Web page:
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Moscow demands confirmation whether Russians were among Odessa victims
ITAR-TASS ^ | 5-3-2014 | TASS

Posted on 05/02/2014 10:41:06 PM PDT by tcrlaf

Moscow urged Kiev to give more information whether Russians were among Odessa fire victims, otherwise the report would be viewed as a new attempt to blame Russia for everything, the Russian Foreign Ministry stated.

Ukrainian media reported that 15 of the victims in Odessa were Russian citizens who allegedly had participated in protests.

"A question arises on what materials such conclusions are based. If all the victims are identified and there are confirming documents, they must be immediately made public, but not playing on feelings of relatives of the victims and trying to stir up emotions among people who are already pushed to the edge of the abyss.

"If there were no identification and no documents, then such a statement is another attempt to convince the public of some 'Russian trace' found in Odessa protest meetings.

"Such intention to blame Russia for everything at any cost, even at the cost of cruelly killed people, is prompted by the attempt to remove the responsibility from the Kiev leadership for what is happening in Ukraine," the Russian Foreign Ministry noted.


TOPICS: Government; News/Current Events; Politics/Elections
KEYWORDS: civilwar; odessa; putinsbuttboys; russia; russianterrorists; ukraine
Morning reactions from Russia on Yesterday's events are just now coming out.
1 posted on 05/02/2014 10:41:06 PM PDT by tcrlaf
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To: tcrlaf

F ‘em.


2 posted on 05/02/2014 10:43:00 PM PDT by vladimir998
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To: tcrlaf

RT Video of the Odessa Massacre: http://www.youtube.com/watch?v=ec0mgpwW6_Y&feature=youtu.be

WARNING-Very graphic. What a hell of a way to die.


3 posted on 05/02/2014 10:49:28 PM PDT by tcrlaf (Q)
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To: tcrlaf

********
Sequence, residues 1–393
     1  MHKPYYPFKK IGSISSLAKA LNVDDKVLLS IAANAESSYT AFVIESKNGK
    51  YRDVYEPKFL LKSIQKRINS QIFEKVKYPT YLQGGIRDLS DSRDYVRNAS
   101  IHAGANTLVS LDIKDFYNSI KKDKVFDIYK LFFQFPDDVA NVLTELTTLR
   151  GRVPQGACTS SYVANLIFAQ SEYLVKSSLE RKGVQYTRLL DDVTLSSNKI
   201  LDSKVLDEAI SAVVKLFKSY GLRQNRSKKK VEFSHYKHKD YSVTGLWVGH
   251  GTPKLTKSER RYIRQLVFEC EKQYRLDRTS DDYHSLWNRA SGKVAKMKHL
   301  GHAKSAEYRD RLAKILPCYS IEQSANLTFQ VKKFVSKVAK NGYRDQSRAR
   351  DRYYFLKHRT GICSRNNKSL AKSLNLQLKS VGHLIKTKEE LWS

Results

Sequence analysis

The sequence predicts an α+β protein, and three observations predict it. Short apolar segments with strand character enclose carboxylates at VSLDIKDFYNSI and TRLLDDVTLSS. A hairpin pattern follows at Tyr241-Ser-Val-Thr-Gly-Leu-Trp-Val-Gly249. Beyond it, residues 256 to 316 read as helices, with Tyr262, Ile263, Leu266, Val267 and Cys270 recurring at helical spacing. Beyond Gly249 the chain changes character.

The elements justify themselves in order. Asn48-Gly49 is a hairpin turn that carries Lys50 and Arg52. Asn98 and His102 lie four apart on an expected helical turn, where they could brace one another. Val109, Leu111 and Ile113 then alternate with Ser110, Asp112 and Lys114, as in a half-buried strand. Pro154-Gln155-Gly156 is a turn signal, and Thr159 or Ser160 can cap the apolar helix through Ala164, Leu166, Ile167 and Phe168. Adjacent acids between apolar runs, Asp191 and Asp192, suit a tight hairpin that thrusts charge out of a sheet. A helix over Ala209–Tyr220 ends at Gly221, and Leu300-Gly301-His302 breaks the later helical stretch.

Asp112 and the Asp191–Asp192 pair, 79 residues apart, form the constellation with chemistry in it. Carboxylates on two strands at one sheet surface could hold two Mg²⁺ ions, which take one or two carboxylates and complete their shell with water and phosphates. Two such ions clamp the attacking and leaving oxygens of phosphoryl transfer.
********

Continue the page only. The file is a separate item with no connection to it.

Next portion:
RT: Odessa death toll now 43


4 posted on 05/02/2014 10:50:56 PM PDT by tcrlaf (Q)
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To: tcrlaf

Russia Today? Propaganda of the worst kind - including the reference to Mossad. Sure, it’s all because of the Jews, right?


5 posted on 05/02/2014 10:59:02 PM PDT by vladimir998
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To: vladimir998

If you don’t want to know how the Russians are reacting, and would rather be in the dark, you don’t have to click on the link, doncha know.


6 posted on 05/02/2014 11:00:20 PM PDT by tcrlaf (Q)
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To: tcrlaf
This business will get out of control. It will get out of control and we'll be lucky to live through it

7 posted on 05/02/2014 11:07:59 PM PDT by Bobalu (What cannot be programmed cannot be physics)
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To: tcrlaf
Around the time of the Maidan protests, when Yanukovich ruled the roost, Tim Snyder, a specialist in the history of Central and Eastern Europe, and the Holocaust, wrote the following analysis of Russia's worldview and tactics:

The protests in the Maidan, we are told again and again by Russian propaganda and by the Kremlin’s friends in Ukraine, mean the return of National Socialism to Europe. The Russian foreign minister, in Munich, lectured the Germans about their support of people who salute Hitler. The Russian media continually make the claim that the Ukrainians who protest are Nazis. Naturally, it is important to be attentive to the far right in Ukrainian politics and history. It is still a serious presence today, although less important than the far right in France, Austria, or the Netherlands. Yet it is the Ukrainian regime rather than its opponents that resorts to anti-Semitism, instructing its riot police that the opposition is led by Jews. In other words, the Ukrainian government is telling itself that its opponents are Jews and us that its opponents are Nazis.

The strange thing about the claim from Moscow is the political ideology of those who make it. The Eurasian Union is the enemy of the European Union, not just in strategy but in ideology. The European Union is based on a historical lesson: that the wars of the twentieth century were based on false and dangerous ideas, National Socialism and Stalinism, which must be rejected and indeed overcome in a system guaranteeing free markets, free movement of people, and the welfare state. Eurasianism, by contrast, is presented by its advocates as the opposite of liberal democracy.

The Eurasian ideology draws an entirely different lesson from the twentieth century. Founded around 2001 by the Russian political scientist Aleksandr Dugin, it proposes the realization of National Bolshevism. Rather than rejecting totalitarian ideologies, Eurasianism calls upon politicians of the twenty-first century to draw what is useful from both fascism and Stalinism. Dugin’s major work, The Foundations of Geopolitics, published in 1997, follows closely the ideas of Carl Schmitt, the leading Nazi political theorist. Eurasianism is not only the ideological source of the Eurasian Union, it is also the creed of a number of people in the Putin administration, and the moving force of a rather active far-right Russian youth movement. For years Dugin has openly supported the division and colonization of Ukraine.